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Troublesome words 6

Posted on 9 August 2017 by James Cowan in Troublesome words

A pair of non-interchangeable words that are sometimes in fact interchanged anyway, is "hung" and "hanged". "Hanged" is used almost exclusively to refer to a method of killing, usually following a judicial process. It is an instance of "passive voice", meaning that the process was or will be carried out on the person by someone else, generally unspecified. Thus "I sentence you to hang" or "to be hanged", and "Dick Turpin was hanged". "Hung" on the other hand, rarely involves a killing by someone else; one may have "hung" oneself for example – even though that used to be illegal! But one may also have "hung" a side of beef to make the meat more tender.

"Somewhat" and "something" too are often used interchangeably – which they are not! The first is an adverb, like "slightly" and qualifies the meaning of an adjective, as in "somewhat warm". "Something", in contrast, is a thing, a noun. While I am as bad as anyone about using "something" to mean "somewhat" for emphasis in speech ("It hurts something terrible"), where to use "somewhat" would actually de-emphasise the terribleness, when the words are written the difference between a noun and an adverb has to be observed. In this example, the question begged (not even asked) is "what thing was hurt and shouldn't terrible be terribly?". (I have just discovered another "rule" in the language, having earlier denied there were more than one [see "More art than science", under Proofreading"]. Sorry).

This being an election year (in NZ, where I live) there is a lot of talk of tax "avoidance" and "evasion". There is a subtle difference between them, lost on a great many people. Avoiding something means taking precautions – wearing high-visibility clothing on a building site to avoid being hit by a truck. Perfectly fair and legitimate. Evasion on the other hand, has implications of cunning, of dishonesty. So for tax purposes, leasing a vehicle, to incur an expense, is better from a tax perspective than buying it outright. But denying you received income is deception, and thus evasion.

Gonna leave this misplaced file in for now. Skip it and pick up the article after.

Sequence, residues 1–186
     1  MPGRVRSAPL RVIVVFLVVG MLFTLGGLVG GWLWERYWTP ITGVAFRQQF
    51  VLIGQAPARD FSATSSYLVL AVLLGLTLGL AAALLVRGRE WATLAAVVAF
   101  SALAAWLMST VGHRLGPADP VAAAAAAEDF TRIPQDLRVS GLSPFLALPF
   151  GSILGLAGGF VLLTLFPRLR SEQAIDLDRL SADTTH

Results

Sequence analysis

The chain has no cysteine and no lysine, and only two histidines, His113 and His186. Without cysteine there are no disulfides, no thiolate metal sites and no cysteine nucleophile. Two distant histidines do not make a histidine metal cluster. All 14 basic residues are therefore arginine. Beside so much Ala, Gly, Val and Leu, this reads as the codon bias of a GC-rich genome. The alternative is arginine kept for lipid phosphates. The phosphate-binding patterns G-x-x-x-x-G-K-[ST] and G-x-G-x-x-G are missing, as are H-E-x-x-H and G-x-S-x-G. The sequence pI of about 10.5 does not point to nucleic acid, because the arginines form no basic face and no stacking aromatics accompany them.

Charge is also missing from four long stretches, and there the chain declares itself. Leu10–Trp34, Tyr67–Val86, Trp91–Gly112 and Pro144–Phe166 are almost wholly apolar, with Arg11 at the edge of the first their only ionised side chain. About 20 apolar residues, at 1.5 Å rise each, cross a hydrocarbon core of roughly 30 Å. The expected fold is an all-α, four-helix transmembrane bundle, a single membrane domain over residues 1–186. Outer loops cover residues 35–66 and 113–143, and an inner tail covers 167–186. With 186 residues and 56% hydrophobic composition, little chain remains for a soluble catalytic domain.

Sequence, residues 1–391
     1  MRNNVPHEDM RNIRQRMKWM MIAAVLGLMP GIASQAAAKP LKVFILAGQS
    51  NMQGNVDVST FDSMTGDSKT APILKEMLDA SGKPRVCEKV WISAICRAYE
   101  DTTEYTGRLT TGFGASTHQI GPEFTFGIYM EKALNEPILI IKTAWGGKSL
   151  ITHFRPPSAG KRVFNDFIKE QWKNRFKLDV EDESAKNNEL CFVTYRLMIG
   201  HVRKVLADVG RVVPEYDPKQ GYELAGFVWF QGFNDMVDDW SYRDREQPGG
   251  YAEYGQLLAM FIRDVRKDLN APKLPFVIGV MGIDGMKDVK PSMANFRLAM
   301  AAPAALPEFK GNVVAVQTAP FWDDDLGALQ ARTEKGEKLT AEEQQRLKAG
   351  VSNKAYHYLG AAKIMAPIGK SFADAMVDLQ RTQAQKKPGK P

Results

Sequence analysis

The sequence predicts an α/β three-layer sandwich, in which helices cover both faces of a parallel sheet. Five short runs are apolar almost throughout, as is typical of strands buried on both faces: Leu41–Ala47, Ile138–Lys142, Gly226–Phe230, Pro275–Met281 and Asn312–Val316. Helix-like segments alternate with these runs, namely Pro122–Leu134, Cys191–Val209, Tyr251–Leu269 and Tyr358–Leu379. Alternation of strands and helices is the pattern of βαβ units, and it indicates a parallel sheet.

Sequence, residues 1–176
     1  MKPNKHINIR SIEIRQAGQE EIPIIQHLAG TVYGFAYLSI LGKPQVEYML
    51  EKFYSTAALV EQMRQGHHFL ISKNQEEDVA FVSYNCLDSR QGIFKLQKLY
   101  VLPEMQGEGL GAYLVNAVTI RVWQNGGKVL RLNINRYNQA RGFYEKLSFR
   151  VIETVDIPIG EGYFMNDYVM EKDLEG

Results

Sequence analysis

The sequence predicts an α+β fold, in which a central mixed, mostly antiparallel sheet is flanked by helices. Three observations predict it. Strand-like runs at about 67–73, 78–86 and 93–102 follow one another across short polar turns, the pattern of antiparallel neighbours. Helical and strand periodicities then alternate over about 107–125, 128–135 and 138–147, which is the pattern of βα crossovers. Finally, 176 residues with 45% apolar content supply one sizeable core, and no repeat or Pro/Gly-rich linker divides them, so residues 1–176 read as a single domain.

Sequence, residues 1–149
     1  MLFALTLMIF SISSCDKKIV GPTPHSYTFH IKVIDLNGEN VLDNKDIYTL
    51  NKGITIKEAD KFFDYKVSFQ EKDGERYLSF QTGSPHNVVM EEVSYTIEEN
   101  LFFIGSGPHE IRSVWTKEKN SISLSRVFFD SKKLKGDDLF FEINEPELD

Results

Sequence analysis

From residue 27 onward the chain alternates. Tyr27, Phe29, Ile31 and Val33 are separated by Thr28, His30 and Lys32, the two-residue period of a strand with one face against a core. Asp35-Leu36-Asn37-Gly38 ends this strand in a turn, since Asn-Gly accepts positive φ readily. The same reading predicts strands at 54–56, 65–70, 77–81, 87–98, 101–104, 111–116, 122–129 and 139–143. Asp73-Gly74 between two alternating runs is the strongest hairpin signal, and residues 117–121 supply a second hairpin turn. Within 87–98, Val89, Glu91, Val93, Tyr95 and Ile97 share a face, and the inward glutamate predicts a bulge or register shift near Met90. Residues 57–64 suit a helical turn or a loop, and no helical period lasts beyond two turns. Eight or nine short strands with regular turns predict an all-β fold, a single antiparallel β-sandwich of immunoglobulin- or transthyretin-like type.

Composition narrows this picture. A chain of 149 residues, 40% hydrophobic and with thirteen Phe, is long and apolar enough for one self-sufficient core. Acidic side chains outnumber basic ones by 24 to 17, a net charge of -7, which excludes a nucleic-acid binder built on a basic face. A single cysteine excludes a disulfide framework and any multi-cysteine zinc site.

I was already planning to write about "that" and "who" until I received a note asking for help with "that" and "which". So here I go. I have looked up the usage of these words in Oxford, and I find that "who" is always (and only) applied to people. "Which" has been in the past (as in the old Anglican version of the Lord's Prayer "Our Father, which art in heaven …"), but it is not the modern usage. "Which" and "that" are now used, interchangeably, but only to apply to things. This raises the question of how to refer to (e.g.) a dog: is it a "who" or a "which"? I am inconsistent here – dogs I know and like are "who" and generic dogs, or ones I dislike, are "which" or "that". But wait! Depending on the structure of the sentence, "that" may not be allowed for "things": "the dog to which I gave a bone" is definitely good, but "the dog to that I gave a bone" is simply WRONG. (Unlike "the dog that I gave a bone to", which works just as well as "the dog which I gave a bone to".) And in a similar way, "who" can change its form depending on usage – one of the very few words in English that does, as far as I'm aware: if the person referred to is the subject (the actor) of the sentence, they are "who", otherwise they can be (or must be) "whom". Thus "the man who I hit with a brick" and "the man whom I hit with a brick" are both acceptable, but "the man to who I gave a drink" is not; it should be "the man to whom I gave a drink". Don't you love English?


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